All of these subplots dominate the first 70 or so minutes of Air Crew before it kicks into high gear when flight 85-131 lands in the mountain village of Bidri to rescue earthquake survivors. The special effects are almost apocalyptic in their depiction as flaming lava, floods and avalanches cascade down a mountain peak toward the airport, destroying everything in their path. Wounded victims and a lot of frightened women and children are rushed inside the plane amid the aftershocks from the quake and the pilot barely manages to take off as the crumbling tarmac is engulfed in flames.

Flight attendant Tamara (Alexandra Yakovleva) has a reason to look worried in the 1980 Russian drama AIR CREW, directed by Aleksandr Mitta.

That’s just the first of many problems. A crack in the plane’s exterior and damage to the tail section threatens to expose the crew and passengers to extreme cold and the possibility of breaking apart in mid-flight. The plane is also running low on fuel and most nearby airports are closed due to heavy rainstorms. On that of this, Andrey realizes that the brakes won’t work even if they are lucky enough to land the flight.

Audrey (Georgi Zhzhyonov) worries about his upcoming heart exam and other personal problems that keep him up at night in AIR CREW (1980), a disaster movie from Russia.

When it rains, it pours in Air Crew and that is part of the fun. Compared to U.S. made disaster flicks, the special effects in this film are occasionally tacky and jerry-rigged but also colorful and inventive, especially in the use of miniatures. The production design by Anatoliy Kuznetsov is equally unique, whether it is Igor’s garish swinger’s apartment or the bizarre Bidri airport, which is carved into the side of a mountain. And Alfred Schnittke’s melodic score featuring a catchy theme song (instrumental) provides the appropriate tonal shifts for a disaster film soundtrack.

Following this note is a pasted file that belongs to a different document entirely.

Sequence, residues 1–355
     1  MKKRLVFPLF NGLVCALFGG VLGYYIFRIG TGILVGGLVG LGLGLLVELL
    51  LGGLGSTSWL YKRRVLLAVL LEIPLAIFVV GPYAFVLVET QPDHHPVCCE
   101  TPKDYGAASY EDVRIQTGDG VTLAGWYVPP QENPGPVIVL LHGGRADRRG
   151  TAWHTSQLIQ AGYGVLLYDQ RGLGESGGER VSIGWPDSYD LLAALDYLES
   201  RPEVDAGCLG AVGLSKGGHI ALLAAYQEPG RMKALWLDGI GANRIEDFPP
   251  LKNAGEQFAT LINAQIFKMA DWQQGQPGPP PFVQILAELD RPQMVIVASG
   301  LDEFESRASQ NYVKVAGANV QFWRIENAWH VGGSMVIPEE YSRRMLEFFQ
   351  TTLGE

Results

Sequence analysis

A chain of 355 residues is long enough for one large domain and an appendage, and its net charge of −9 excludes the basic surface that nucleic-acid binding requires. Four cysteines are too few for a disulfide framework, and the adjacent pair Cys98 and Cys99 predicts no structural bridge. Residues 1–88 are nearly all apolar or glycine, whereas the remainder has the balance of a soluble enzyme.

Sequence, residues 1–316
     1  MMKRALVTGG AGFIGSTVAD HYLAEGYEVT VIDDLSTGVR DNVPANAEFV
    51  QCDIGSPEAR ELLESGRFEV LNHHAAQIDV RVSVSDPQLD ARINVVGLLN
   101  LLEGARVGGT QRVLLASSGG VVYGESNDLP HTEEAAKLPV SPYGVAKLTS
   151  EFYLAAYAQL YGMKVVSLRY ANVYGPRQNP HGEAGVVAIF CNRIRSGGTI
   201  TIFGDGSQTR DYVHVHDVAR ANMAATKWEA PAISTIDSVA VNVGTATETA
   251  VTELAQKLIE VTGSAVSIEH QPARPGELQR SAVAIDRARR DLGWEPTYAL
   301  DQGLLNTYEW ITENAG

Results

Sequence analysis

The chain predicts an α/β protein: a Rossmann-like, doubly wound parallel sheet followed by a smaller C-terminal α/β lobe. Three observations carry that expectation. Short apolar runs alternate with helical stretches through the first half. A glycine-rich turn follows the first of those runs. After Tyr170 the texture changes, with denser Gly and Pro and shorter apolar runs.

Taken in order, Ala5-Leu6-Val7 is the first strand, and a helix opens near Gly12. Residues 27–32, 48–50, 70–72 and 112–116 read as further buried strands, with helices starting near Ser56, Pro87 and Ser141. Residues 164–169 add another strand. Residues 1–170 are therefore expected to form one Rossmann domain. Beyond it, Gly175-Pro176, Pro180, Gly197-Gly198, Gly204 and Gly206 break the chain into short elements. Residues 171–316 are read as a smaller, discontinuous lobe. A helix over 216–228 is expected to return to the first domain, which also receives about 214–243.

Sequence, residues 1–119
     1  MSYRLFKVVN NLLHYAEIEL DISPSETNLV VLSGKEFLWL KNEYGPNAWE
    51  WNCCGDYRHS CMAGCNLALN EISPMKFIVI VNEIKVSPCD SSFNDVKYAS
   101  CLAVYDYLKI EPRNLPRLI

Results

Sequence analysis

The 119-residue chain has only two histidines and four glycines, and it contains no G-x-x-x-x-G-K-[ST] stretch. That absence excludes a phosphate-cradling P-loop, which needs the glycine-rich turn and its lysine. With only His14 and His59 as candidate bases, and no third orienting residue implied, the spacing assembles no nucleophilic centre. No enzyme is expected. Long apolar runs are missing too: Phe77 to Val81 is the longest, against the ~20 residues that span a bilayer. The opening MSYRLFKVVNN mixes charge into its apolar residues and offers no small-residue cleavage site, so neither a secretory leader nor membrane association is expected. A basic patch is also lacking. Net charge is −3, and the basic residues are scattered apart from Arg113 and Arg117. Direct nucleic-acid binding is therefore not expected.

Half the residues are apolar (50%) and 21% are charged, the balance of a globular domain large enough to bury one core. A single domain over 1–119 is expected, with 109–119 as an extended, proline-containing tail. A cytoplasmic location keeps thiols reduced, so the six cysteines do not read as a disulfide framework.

Flight 85-131 makes a safe, successful landing after losing its tail upon touchdown in the 1980 Russian disaster thriller AIR CREW.

Of course, some of the major set pieces are simply nutty in their melodramatic extremes. For example, doctors are busy operating on patients inside the plane as if it’s a surgery ward while Valentin dresses up in heavy protective gear before venturing out on the plane’s exterior to make a repair. Not only does he look like some strange outer space visitor but the fact that he doesn’t get swept off the plane by high winds increase the disbelief factor. OK, he does suffer severe frostbite but, on the positive side, none of the major characters die in Air Crew.

Yes, it’s Valentin (Anatoliy Vasilev) to the rescue as a fissure in the plane’s surface threatens to crack open and kill the passengers and crew in AIR CREW (1980), a disaster epic from Russia.

Aleksandr Mitta’s disaster epic didn’t really get an official theatrical release in the U.S. but it did pop up at a few film festivals such as the Chicago International Film Festival where it was nominated for Best Feature. Not many Russian films from the glasnost era made their way to these shores but Air Crew was a rare exception when it showed up on DVD in 2002, courtesy of Image Entertainment, which had licensed it from Ruscico and MosFilm. The disc offers multiple language and subtitle options but I recommend watching Air Crew in Russian with English subtitles. On the other hand, if you want some laughs, try the English dubbed version which transforms some of the more dramatic scenes into comic ones. The film’s running time is listed as 119 minutes but the IMDB listing notes that Air Crew runs two hours and 24 minutes. Either that is incorrect or some 25 minutes have been deleted for the U.S. DVD release. If anyone has any information on that, we’d love to hear it.